“Ensuring that Chelsea Plantation would be preserved for the generations to come was paramount to me and my family,” said Richardson. “We take great pride in knowing that the protection of this land through a conservation easement will forever preserve an important piece of Virginia’s history.”
The conservation easement will protect the land from further development that could detract from its history. No buildings on the property may be demolished, only repaired as required. There is an allowance for a future café and gift shop for visitors. The house has periodically been open for tours and parts of the property can be rented.
The plantation consists of a main house and several outbuildings, five of which are currently used as living space. The buildings include an old slave schoolhouse, a smoke house, kitchen, milking parlor, seed building, a barn with two silos and a wash house. An extensive garden on the property is filled with 300-year-old English boxwoods, and there are numerous springs, streams and wetlands.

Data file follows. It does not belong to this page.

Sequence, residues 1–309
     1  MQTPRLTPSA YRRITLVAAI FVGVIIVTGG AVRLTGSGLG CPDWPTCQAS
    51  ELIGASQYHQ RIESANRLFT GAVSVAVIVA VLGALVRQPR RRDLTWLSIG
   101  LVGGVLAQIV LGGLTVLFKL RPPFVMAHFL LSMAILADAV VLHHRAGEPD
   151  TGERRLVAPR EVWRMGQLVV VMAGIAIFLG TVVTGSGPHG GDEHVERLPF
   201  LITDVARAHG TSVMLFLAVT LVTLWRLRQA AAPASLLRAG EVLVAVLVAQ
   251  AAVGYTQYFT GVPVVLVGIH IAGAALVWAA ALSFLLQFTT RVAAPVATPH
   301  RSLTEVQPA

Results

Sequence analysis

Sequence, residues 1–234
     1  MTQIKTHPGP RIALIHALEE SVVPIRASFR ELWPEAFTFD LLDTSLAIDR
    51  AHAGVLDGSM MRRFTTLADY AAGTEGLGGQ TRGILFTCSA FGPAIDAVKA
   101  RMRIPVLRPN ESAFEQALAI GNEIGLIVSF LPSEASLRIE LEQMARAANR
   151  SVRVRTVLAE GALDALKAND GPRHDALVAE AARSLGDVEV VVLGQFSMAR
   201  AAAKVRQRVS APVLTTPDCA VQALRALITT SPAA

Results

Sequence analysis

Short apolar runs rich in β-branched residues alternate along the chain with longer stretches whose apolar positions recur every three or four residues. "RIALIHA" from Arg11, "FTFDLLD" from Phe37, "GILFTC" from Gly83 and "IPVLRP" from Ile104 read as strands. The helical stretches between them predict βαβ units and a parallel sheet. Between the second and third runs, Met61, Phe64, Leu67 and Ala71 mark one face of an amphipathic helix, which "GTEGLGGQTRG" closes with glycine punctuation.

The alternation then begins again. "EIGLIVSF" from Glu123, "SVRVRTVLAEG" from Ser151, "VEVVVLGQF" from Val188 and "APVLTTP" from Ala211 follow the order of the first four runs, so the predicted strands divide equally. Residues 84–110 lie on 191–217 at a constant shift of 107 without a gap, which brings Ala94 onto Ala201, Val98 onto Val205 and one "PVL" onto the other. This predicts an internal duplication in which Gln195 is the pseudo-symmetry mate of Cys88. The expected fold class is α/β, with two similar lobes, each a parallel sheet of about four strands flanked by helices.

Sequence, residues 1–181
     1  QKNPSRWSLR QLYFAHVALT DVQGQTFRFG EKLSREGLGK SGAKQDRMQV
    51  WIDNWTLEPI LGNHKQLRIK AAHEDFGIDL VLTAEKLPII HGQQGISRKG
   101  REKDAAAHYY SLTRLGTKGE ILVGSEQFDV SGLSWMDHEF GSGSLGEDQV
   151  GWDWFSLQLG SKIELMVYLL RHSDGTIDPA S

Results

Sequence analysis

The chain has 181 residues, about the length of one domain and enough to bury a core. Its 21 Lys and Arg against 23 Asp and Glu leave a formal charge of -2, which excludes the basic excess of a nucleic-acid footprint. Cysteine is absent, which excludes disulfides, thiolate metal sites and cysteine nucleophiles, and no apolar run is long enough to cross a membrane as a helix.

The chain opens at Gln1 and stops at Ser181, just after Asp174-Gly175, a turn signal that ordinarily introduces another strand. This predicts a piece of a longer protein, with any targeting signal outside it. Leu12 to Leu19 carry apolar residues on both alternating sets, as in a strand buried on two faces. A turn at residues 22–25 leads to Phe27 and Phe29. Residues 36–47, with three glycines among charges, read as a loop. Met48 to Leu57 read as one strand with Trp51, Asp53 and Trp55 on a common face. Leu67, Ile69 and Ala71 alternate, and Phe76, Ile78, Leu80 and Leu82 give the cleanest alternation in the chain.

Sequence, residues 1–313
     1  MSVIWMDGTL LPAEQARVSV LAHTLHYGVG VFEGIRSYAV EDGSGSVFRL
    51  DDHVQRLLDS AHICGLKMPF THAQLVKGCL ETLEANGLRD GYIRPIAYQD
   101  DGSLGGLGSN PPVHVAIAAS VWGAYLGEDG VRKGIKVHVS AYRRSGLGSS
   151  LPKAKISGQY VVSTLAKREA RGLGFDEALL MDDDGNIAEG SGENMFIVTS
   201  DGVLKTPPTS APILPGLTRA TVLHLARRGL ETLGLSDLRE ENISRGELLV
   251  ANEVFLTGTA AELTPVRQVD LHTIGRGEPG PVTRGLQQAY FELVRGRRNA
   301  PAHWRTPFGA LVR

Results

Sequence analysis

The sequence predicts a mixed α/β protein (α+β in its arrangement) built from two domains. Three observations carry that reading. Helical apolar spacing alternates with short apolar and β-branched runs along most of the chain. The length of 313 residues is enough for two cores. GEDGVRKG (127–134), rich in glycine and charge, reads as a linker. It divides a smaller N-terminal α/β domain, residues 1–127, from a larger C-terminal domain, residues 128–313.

The grounds are being farmed and that use can continue under the easement.
“The Board of Directors and staff of the Conservancy are honored to have been selected to hold the easement on this historic gem,” said Caren Schumacher, executive director of the conservancy. “We commend Mr. Richardson and his family for their love of Chelsea Plantation and for their desire to conserve it in perpetuity.”
Richardson hopes people will be able to make donations to help repair and maintain the plantation; some parts of it are in disrepair. Maintaining the property and ensuring it remains the same for generations is paramount to Richardson.